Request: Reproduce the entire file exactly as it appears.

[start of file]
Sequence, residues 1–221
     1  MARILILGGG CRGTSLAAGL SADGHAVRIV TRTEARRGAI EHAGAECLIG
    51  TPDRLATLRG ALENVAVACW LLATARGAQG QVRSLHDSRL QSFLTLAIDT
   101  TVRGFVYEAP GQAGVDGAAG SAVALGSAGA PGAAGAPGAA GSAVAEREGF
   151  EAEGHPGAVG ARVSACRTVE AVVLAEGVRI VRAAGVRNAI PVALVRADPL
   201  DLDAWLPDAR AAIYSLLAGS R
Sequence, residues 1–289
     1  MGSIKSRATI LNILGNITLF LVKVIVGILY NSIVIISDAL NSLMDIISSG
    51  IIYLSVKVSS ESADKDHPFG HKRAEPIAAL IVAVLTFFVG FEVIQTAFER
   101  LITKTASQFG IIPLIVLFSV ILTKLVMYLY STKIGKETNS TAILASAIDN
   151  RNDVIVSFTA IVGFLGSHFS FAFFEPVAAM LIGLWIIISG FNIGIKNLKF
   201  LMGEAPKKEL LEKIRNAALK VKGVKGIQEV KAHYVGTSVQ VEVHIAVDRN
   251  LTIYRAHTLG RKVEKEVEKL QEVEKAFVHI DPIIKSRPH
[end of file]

Sequence, residues 1–221
     1  MARILILGGG CRGTSLAAGL SADGHAVRIV TRTEARRGAI EHAGAECLIG
    51  TPDRLATLRG ALENVAVACW LLATARGAQG QVRSLHDSRL QSFLTLAIDT
   101  TVRGFVYEAP GQAGVDGAAG SAVALGSAGA PGAAGAPGAA GSAVAEREGF
   151  EAEGHPGAVG ARVSACRTVE AVVLAEGVRI VRAAGVRNAI PVALVRADPL
   201  DLDAWLPDAR AAIYSLLAGS R
Sequence, residues 1–289
     1  MGSIKSRATI LNILGNITLF LVKVIVGILY NSIVIISDAL NSLMDIISSG
    51  IIYLSVKVSS ESADKDHPFG HKRAEPIAAL IVAVLTFFVG FEVIQTAFER
   101  LITKTASQFG IIPLIVLFSV ILTKLVMYLY STKIGKETNS TAILASAIDN
   151  RNDVIVSFTA IVGFLGSHFS FAFFEPVAAM LIGLWIIISG FNIGIKNLKF
   201  LMGEAPKKEL LEKIRNAALK VKGVKGIQEV KAHYVGTSVQ VEVHIAVDRN
   251  LTIYRAHTLG RKVEKEVEKL QEVEKAFVHI DPIIKSRPH